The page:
The relieving nature of a regular routine can be even more potent for people suffering from Alzheimer’s disease and other forms of dementia.
People suffering from memory loss “thrive on familiarity. Familiar faces, a familiar environment, even familiar food—anything they can use as a touchstone. This comforting sense of familiarity is so helpful because dementia gradually impairs a person’s ability to plan, initiate and complete an activity.
People with dementia experience greater difficulty when attempting to do new things. A predictable routine can prevent a person with dementia from becoming distracted and forgetting what they were doing. Even if there is little or no conscious awareness of time, routine helps ground them.
A daily agenda may even be able to help a person with Alzheimer’s cope with the short-term memory loss that is typically one of the first things to be affected by the disease.
Establishing a predictable pattern of events can help transfer the schedule of a daily routine into the long-term memory portion of the brain, helping a person retain their ability to perform activities of daily life, such as brushing their teeth or fixing a snack.
Tips for starting (and sticking to) a routine
When coming up with a regular routine for someone with dementia, the overarching goal should be to tailor it as much to your loved one’s preferences and past activities as possible.
The more you can include activities that resonate with your loved one’s pre-dementia life, the better. Did they have a favorite television program that they liked to watch at a certain time? Did they enjoy listening to a particular radio talk show? Did they always meet up with their friends for a game of checkers on Sunday nights?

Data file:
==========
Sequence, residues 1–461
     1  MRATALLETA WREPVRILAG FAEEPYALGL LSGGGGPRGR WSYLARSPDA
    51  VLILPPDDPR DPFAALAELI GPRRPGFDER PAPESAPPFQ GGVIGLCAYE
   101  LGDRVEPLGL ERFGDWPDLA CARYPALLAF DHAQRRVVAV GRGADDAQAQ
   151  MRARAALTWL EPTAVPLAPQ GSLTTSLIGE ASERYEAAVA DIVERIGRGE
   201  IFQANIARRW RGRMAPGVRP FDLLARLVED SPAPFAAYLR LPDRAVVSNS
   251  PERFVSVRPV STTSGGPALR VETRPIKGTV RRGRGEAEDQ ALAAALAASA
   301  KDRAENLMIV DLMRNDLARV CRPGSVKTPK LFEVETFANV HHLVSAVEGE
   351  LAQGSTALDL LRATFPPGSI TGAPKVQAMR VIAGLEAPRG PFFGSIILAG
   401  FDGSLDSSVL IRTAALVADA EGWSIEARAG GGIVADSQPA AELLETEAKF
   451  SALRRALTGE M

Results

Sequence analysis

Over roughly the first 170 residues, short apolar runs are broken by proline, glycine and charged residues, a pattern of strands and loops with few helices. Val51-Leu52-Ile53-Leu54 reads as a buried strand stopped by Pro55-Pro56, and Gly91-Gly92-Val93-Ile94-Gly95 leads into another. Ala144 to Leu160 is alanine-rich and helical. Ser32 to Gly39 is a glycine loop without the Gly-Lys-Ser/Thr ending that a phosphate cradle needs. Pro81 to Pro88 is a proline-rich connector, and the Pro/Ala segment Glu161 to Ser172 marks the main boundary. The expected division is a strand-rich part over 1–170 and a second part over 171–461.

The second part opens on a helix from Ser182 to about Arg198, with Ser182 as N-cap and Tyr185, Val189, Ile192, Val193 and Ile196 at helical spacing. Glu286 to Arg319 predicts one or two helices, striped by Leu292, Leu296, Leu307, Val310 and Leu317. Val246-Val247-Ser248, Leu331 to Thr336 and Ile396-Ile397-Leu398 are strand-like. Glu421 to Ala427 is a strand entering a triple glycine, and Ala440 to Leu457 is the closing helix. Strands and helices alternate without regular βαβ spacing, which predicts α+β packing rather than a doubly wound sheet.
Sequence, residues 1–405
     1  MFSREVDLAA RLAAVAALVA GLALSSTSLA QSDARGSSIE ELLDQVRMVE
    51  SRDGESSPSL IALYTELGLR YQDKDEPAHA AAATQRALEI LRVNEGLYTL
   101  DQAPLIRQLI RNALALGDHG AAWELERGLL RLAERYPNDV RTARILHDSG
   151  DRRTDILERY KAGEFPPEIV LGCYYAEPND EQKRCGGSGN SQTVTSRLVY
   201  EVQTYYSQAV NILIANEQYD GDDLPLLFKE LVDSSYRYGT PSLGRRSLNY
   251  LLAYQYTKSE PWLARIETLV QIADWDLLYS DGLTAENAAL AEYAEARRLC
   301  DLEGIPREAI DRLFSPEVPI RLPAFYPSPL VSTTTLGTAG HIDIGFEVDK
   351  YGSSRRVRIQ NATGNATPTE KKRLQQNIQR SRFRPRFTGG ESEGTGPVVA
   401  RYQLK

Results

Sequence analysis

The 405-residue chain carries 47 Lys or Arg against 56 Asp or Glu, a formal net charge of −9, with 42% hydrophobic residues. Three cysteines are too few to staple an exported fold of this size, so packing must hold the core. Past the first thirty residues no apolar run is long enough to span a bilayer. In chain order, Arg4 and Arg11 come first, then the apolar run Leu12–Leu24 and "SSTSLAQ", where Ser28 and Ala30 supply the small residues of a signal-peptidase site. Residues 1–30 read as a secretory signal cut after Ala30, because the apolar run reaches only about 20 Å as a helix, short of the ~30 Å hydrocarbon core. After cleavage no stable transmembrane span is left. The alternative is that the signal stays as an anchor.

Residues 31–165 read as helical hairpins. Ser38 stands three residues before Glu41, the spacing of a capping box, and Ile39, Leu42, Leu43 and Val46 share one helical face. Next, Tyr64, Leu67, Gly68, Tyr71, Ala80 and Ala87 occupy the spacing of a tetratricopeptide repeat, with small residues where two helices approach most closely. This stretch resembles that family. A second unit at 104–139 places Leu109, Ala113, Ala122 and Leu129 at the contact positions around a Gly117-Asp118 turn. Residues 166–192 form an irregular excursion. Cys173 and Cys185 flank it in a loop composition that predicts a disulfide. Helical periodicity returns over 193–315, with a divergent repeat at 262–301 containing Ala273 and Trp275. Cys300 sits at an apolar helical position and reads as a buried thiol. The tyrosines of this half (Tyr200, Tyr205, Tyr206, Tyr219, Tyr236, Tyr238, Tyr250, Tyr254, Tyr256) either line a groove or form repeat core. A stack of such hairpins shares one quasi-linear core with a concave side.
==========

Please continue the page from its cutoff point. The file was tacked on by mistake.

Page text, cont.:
Here are suggestions of other, more generic, activities that are also important to include in a daily routine:
- Medication administration
- Meal times
- Brushing of teeth and hair
- Leisure activities
The more you can schedule, the easier you’ll make things for you and your family member with dementia.
Sticking to the plan while going with the flow
Once a daily procedure is established, it’s important to try and follow it as often as possible.
Disruptions in daily routines (such as those caused by holiday visits to other family members’ houses) can elevate your loved one’s anxiety and make it harder for them to get back to a normal schedule once the disturbance is over.
Of course schedules will change, depending on doctor’s appointments, unexpected illnesses, an elder’s changing mood, and the progression of their disease.
In these instances, caregivers should remain flexible and go with the flow, do not insist on routines if the person with dementia is resistant. Try to learn how to recognize when your loved one is becoming agitated or stressed by a routine, and then modify the schedule to fit their changing needs.
Taking care of a loved one with dementia is a continual process of trial and error. One day, your loved one might enjoy going for a midday stroll in the park, the next day they may not even want to set one foot out of the door.
Make sure you look after your own needs, not just the needs of your loved one. In the event you feel you need help, we’re only a phone call away.
Superior Senior Home Care offers a complimentary consultation with an advisor to help you determine your loved one’s home care needs. To schedule your free consultation, call 805.430.8767 or contact us online.